While discussing the topic of banking last Friday at work, our presenter commented on how people’s attitudes toward bankruptcy have changed over the past few decades. Whereas thirty or forty years ago, declaring bankruptcy was the sort of thing that one would try to keep under the rug, many today boast about the number of times they have declared bankruptcy. For many, it no longer functions as a last resort, but rather as a scapegoat for the responsibility of owning up to the incredible debts they have racked up.
We briefly discussed how this mindset of offsetting the blame for one’s actions is manifested elsewhere in our society. Take, for example, the thief who locked himself in his victim’s garage while they were away for the weekend. Somehow this guy won a lawsuit arguing that the homeowner should have had a way to get out of the garage from the inside.
In his book, The Jesus of Suburbia, Mike Erre provides another example of blame-shifting:
Why is it, I wondered, that the Playboy Foundation is one of the biggest supporters of abortion on demand? Is it because of their deep and abiding concern for the equality and objective value of women, or is something else behind it? I argued that our current system legitimates male irresponsibility by allowing men to merely offer to pay for the “procedure” if their girlfriend gets pregnant; if she chooses to keep the child instead, he is off the hook. p. 162, emphasis added
Initially, I thought this attempt to avoid responsibility was something that came about recently. Although in many senses it is more prevalent now than a few decades ago, this is not a new issue we, as human beings, are facing. Rather, it is a behavior manifested by the very first man and woman to walk on the earth. Look at Adam and Eve’s response to God when he asks them, “Who told you that you were naked? Have you eaten from the tree of which I commanded you that you should not eat?”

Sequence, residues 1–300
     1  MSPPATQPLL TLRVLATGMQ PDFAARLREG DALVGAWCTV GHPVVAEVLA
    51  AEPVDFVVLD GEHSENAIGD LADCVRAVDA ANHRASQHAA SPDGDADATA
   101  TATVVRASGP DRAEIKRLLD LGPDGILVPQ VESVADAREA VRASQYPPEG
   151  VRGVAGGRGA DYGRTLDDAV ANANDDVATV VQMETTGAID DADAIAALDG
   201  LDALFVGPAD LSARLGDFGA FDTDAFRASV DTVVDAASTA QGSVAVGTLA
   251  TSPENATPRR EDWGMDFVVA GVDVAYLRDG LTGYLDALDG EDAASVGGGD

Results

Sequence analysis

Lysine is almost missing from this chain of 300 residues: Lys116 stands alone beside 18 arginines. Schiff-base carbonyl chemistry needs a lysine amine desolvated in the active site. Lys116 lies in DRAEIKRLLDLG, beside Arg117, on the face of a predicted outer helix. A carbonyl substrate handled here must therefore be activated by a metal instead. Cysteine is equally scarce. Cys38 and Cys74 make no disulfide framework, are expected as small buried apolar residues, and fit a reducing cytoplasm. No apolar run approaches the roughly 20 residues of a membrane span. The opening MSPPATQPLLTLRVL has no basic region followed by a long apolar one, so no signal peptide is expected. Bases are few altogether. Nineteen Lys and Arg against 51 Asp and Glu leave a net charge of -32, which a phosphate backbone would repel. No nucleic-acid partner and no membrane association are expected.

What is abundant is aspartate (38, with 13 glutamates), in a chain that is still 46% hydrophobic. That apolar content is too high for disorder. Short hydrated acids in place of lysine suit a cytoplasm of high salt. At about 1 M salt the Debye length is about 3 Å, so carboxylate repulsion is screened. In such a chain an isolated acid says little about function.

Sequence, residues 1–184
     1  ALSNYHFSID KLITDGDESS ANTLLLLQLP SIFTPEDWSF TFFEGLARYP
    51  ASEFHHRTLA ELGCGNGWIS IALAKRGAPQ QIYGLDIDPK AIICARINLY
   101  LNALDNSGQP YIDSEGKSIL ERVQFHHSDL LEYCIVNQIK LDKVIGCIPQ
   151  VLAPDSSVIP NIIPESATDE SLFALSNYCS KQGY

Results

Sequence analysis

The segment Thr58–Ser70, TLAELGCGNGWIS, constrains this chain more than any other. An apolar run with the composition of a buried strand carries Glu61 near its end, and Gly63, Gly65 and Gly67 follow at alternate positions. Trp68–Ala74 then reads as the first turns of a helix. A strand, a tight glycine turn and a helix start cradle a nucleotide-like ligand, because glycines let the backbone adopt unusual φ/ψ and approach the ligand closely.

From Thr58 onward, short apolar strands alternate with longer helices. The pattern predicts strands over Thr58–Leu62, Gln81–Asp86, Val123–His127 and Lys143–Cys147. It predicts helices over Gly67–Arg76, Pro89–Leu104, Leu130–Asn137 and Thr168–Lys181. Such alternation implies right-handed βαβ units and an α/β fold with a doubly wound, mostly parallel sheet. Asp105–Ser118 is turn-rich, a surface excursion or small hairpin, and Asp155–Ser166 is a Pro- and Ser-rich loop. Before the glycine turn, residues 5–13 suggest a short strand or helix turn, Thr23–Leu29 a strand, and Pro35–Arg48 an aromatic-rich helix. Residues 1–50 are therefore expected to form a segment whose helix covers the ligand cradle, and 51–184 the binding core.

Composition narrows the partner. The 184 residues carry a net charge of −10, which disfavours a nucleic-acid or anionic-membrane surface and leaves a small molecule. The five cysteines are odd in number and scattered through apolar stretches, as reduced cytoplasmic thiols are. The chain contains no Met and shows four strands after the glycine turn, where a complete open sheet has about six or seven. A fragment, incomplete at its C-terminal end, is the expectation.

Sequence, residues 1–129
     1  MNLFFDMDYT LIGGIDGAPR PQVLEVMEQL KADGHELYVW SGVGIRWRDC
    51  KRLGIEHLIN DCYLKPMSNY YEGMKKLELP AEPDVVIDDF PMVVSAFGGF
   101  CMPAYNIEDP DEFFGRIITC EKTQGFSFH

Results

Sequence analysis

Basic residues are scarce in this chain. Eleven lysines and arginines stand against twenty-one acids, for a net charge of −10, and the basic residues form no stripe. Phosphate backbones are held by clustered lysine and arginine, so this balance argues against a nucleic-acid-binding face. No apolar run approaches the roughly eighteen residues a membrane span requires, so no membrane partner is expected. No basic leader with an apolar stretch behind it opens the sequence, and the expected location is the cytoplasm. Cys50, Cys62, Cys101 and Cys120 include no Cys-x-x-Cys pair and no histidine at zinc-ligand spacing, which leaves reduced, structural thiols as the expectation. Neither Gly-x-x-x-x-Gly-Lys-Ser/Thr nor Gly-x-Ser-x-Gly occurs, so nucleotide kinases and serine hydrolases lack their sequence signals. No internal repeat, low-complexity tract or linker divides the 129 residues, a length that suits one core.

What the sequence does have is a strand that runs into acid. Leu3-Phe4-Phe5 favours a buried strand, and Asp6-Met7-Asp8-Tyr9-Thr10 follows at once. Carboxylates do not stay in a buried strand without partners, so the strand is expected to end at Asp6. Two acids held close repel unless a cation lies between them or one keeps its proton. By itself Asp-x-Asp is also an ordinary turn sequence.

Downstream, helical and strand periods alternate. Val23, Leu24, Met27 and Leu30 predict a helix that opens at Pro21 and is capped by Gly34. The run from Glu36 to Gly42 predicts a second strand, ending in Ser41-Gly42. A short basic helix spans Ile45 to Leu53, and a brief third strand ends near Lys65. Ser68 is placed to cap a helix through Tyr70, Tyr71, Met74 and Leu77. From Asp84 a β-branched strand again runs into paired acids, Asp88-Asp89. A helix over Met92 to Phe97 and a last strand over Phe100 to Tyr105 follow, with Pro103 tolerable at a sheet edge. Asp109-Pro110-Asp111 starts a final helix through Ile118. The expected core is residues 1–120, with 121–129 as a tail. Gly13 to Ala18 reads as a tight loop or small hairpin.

Then the man said, "The woman whom You gave to be with me, she gave me of the tree, and I ate."
13 And the LORD God said to the woman, "What is this you have done?"
The woman said, "The serpent deceived me, and I ate."
God’s question is initially directed at Adam. Rather than acknowledging his direct disobedience to God’s command (Genesis 2:16), Adam blames God, arguing that the woman God gave him shared the fruit with him and he ate. Eve’s response is similar. She does not confess her sin but rather places the blame on the serpent, who deceived her.
More important than bankruptcy or “male irresponsibility” is our attempt to avoid responsibility for our sin. John writes:
If we say that we have no sin, we deceive ourselves, and the truth is not in us. 9 If we confess our sins, He is faithful and just to forgive us our sins and to cleanse us from all unrighteousness.
1 John 1:8-9
When we deny our sinfulness, the Truth is not in us; we die in our sins and trespasses. However, when we confess that we are sinners, God forgives us and gives us life. This is all made possible through Jesus’ death and resurrection, in which he took the punishment for, the responsibility for our sins upon himself. As Paul writes, “Thanks be to God! He gives us the victory through our Lord Jesus Christ” (1 Corinthians 15:57).